The Division of Neonatology provides services at three facilities: The Neonatal Intensive Care Unit (NICU) at University of Utah Hospital, Primary Children’s Hospital, and Intermountain Medical Center. Two neonatologists provide attending physician coverage during the day at University of Utah Hospital and Primary Children's Hospital, and Intermountain Medical Center.
In-hospital neonatology coverage is provided at all three units 24 hours a day, 7 days a week.
University of Utah
The newly renovated 48+ bed NICU provides care for critically-ill newborn infants, delivering specialized care 24/7 to patients at the University Hospitals & Clinics. The unit is designed to provide an appropriate acoustical and visual environment for growing high risk infants.
Services provided span a continuum of care expected for infants with gestational ages ranging from approximately 22 weeks to over 40 weeks and include high frequency ventilatory modes (both jet and oscillator) as well as the use of inhaled Nitric Oxide for pulmonary hypertension.
Most patients are delivered at the contiguous high risk perinatology service at the University Hospital, but the unit also serves as a referral unit for infants born in other hospitals.
As the result of research, new therapies and procedures are presented and performed according to clinical trial protocols. Proposals for new procedures, new and updated standards of care and guidelines, and introduction of new equipment are continually being evaluated.
Primary Children's Hospital
Babies born within the Mountain West's five-state region with severe, life-threatening conditions are transported to Primary Children's Hospital for medical and surgical interventions.
Conditions for which newborns are transported include serious congenital birth defects such as defects of the heart, brain, and internal organs. Infants are also transported for sepsis, pulmonary hypertension, and prematurity with additional complications.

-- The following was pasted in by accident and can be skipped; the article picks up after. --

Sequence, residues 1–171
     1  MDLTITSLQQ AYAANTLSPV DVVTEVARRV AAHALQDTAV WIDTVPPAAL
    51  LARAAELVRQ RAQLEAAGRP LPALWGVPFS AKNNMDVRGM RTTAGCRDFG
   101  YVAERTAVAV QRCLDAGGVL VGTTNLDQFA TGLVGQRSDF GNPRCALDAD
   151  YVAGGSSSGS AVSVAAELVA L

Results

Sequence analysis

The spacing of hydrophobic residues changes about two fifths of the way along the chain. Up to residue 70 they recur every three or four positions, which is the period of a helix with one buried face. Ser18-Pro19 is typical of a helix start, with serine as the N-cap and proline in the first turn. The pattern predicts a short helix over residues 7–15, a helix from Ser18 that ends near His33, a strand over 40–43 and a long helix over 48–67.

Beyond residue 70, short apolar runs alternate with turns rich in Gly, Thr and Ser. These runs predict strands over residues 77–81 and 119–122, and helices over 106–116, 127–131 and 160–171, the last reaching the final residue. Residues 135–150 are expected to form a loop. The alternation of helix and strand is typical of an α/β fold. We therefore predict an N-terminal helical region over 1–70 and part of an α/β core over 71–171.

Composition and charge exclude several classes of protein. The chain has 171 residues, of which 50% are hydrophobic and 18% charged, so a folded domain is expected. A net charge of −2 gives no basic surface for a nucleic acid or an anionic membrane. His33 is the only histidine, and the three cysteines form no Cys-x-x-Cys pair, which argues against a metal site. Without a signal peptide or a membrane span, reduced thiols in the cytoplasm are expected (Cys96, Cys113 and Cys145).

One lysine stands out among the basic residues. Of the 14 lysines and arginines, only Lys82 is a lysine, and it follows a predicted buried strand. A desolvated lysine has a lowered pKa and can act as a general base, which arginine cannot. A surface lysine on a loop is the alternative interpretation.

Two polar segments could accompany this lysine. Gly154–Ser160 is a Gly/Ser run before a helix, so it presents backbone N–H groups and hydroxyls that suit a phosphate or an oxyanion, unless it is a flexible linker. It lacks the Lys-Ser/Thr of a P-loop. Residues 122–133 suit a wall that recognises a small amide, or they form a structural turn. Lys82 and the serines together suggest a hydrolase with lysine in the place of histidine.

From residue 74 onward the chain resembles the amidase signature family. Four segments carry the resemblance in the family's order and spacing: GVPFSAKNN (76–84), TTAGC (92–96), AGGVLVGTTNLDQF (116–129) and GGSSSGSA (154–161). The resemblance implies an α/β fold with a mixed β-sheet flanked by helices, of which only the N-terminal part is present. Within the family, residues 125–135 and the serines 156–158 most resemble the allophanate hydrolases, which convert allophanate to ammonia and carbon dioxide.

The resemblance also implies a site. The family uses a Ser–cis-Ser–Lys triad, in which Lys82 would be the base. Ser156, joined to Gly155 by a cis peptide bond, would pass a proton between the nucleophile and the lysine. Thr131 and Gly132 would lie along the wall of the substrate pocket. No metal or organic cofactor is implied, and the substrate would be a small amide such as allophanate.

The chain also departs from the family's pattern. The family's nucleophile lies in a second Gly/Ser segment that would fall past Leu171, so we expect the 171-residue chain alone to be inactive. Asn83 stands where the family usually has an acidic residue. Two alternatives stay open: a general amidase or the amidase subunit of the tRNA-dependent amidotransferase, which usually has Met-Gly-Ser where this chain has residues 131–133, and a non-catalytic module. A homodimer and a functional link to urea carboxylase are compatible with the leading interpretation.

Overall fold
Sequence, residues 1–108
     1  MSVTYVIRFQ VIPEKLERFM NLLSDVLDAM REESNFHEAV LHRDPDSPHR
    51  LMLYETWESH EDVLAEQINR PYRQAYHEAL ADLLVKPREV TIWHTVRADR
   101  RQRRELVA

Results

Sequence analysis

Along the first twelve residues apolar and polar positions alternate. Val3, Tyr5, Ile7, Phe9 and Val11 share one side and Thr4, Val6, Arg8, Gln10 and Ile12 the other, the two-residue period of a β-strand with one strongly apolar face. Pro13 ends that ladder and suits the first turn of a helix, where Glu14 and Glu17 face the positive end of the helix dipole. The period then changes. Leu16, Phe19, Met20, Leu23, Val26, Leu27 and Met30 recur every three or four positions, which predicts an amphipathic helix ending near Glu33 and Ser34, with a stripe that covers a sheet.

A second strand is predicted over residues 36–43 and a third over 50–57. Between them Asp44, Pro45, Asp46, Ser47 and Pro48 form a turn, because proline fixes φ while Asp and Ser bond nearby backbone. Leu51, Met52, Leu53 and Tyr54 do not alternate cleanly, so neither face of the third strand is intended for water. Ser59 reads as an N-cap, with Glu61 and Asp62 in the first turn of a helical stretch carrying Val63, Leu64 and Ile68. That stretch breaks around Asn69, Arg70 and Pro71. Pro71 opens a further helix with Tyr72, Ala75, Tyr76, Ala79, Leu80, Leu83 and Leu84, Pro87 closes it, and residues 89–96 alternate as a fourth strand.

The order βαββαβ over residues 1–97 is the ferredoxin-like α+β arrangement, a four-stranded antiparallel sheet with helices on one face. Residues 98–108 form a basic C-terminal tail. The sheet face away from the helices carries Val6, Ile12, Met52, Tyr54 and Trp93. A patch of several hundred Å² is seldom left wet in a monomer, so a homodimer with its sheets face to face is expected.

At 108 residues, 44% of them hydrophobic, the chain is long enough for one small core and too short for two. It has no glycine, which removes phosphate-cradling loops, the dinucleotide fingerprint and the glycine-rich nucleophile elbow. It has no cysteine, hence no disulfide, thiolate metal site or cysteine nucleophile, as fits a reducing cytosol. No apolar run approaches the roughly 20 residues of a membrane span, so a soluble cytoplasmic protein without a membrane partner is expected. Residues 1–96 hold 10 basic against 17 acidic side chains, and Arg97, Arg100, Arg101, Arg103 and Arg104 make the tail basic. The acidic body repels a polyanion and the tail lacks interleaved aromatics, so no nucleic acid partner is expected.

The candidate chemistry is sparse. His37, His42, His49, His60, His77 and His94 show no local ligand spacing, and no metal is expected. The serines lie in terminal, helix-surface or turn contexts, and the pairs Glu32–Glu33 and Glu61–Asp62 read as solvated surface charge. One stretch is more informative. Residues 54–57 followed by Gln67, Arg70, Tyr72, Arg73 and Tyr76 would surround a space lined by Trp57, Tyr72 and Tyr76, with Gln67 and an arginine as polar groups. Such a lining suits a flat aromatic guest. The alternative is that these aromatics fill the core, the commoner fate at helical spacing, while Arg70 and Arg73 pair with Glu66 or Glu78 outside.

The NICU at Primary Children's Hospital offers sophisticated technology to support infants through their life-threatening condition. The NICU has high frequency jet ventilation and oscillatory, nitric oxide, extracorporeal membrane oxygenation (long term heart/lung bypass to allow the infant's heart or lungs time to heal), cerebral/regional oximetry to monitor perfusion of specific organs, and total body cooling for brain injury.
The neonatal Life Flight transport team is comprised of nurses with an average of 15 years of NICU experience before joining the air ambulance service. This team has the capability to transport infants needing nitric oxide and high frequency ventilation during the transfer.
Intermountain Medical Center
Intermountain Medical Center's NICU offers advanced, high-tech care from specially-trained physicians and nurses to save lives and improve outcomes of babies born with complications throughout the Mountain West.
The NICU offers advanced newborn care and some new features designed to make the unit more comfortable for families. The unit offers isolettes connected to the latest neonatal technology, along with privacy and quietness. For parents, this means more privacy with their little ones and a chance to bring in personal touches like photos or toys. Privacy and quietness is better for babies as well.
Babies who are sick and premature need quiet rest with minimal simulation to heal and grow like they would have in their mother's womb.